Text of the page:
“My wife travels about 100 days a year with wrestling and also travels with me,” Irvine says. “…My wife supports what I do because she knows I’m passionate about it. We make time for each other. We never have a week go by without seeing each other. A week is the longest we will be separated. She is my rock. When you find a soul mate and person that believes in you — and you believe in them — we make time. Sometimes it’s tough. But that’s important — otherwise I wouldn’t be married.”
Irvine appears ringside at many of Kim’s matches. The doting husband couldn’t be more proud of his better half.
“I’m honored to be Mr. Kim,” he says. “She is an amazing wrestler. I get scared watching her wrestle because the way she flies around and does all this stuff. I flew in to watch her get inducted into the TNA Hall of Fame, which was pretty special. That’s all I’ve ever wanted for her was the recognition she deserves. She was one of the ones with Molly Holly, Trish Stratus and all the others that started that world, and look at it today! It’s beyond words. So I’m very blessed to be supported by Gail, and I support her. We are very lucky.”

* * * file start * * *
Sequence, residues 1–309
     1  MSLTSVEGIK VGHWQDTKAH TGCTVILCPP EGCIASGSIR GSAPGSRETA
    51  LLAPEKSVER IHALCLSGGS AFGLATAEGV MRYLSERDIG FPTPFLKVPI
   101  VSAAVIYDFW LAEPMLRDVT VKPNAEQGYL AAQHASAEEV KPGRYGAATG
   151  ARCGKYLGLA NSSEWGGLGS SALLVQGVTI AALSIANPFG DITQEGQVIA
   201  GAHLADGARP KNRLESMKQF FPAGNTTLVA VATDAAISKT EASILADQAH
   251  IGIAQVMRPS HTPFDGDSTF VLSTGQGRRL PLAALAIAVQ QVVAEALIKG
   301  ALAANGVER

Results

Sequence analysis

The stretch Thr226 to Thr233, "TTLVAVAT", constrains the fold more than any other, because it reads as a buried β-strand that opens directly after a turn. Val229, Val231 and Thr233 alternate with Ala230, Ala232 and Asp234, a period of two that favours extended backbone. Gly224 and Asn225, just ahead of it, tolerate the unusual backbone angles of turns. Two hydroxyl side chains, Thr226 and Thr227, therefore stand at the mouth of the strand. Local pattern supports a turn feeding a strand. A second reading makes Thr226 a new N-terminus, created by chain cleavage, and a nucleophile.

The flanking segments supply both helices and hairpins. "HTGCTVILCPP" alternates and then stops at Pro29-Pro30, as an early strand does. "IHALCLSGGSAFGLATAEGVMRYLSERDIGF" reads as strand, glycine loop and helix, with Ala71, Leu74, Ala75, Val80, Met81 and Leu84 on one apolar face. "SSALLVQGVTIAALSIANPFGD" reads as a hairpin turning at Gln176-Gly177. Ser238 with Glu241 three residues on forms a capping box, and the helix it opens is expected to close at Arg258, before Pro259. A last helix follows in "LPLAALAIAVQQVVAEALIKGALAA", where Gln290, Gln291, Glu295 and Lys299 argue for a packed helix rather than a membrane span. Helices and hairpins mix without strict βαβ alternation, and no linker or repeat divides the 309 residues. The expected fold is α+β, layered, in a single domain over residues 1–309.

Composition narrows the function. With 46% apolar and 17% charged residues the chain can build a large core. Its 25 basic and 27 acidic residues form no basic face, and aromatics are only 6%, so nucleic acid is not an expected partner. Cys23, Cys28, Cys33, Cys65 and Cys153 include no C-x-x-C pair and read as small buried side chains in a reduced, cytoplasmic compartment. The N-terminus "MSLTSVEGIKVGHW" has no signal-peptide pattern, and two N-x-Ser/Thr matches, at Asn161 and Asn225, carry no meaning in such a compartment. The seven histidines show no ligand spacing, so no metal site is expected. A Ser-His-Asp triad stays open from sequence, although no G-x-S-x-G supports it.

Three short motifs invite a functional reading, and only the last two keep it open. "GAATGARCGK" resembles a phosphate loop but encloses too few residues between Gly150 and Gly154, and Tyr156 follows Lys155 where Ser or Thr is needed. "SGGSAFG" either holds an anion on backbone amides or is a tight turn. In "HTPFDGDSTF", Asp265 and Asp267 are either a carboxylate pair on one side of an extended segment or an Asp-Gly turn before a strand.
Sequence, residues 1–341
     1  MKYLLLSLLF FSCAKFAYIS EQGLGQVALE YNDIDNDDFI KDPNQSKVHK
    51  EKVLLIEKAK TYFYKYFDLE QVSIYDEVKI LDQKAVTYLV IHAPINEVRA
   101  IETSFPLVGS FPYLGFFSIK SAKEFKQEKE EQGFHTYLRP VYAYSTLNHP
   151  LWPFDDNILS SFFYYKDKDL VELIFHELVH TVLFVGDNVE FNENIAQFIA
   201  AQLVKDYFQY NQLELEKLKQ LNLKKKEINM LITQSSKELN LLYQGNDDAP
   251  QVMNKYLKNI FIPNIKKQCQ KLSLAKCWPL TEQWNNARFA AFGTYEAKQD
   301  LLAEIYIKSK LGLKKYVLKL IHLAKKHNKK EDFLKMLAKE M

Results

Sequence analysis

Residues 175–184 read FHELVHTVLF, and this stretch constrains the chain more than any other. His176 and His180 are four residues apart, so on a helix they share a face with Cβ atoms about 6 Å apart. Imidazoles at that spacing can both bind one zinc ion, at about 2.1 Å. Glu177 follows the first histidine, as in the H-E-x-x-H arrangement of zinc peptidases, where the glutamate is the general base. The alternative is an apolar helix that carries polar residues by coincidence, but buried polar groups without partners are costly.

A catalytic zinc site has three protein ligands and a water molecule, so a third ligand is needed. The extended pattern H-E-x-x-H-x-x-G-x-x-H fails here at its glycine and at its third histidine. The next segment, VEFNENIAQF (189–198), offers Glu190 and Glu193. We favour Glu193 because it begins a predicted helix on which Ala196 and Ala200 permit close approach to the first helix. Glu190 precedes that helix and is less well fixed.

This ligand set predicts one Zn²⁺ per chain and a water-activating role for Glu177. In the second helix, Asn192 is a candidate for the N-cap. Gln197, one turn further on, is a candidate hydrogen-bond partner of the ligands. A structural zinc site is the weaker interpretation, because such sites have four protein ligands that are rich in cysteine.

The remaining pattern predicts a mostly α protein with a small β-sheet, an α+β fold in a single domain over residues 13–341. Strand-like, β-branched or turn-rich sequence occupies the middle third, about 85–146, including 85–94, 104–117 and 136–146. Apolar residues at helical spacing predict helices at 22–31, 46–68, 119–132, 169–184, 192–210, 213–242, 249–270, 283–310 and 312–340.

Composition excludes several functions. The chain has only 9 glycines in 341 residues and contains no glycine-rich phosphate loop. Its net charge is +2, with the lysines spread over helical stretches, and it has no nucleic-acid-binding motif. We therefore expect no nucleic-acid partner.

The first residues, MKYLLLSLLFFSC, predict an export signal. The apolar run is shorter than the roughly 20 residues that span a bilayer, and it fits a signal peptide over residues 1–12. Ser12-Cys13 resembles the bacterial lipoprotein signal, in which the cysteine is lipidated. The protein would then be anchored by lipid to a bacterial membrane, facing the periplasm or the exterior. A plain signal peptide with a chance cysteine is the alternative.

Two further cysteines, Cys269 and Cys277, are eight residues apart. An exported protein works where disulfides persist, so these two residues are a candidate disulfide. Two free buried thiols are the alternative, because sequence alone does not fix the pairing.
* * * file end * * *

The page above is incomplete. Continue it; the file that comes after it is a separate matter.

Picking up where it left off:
Irvine may have the build of a pro wrestler, but don’t expect him to enter a ring any time soon. He’d rather leave that to Kim.
“I got very close with a referee once because I disagreed with him,” he says. “I don’t think I would. That’s kind of beyond me. They’ve asked me to do that before, and I’m like. ‘That’s hard work for me.’ It may be story-telling, but that’s storytelling on a different level.”
The Robert Irvine Show airs in syndication weekdays on The CW.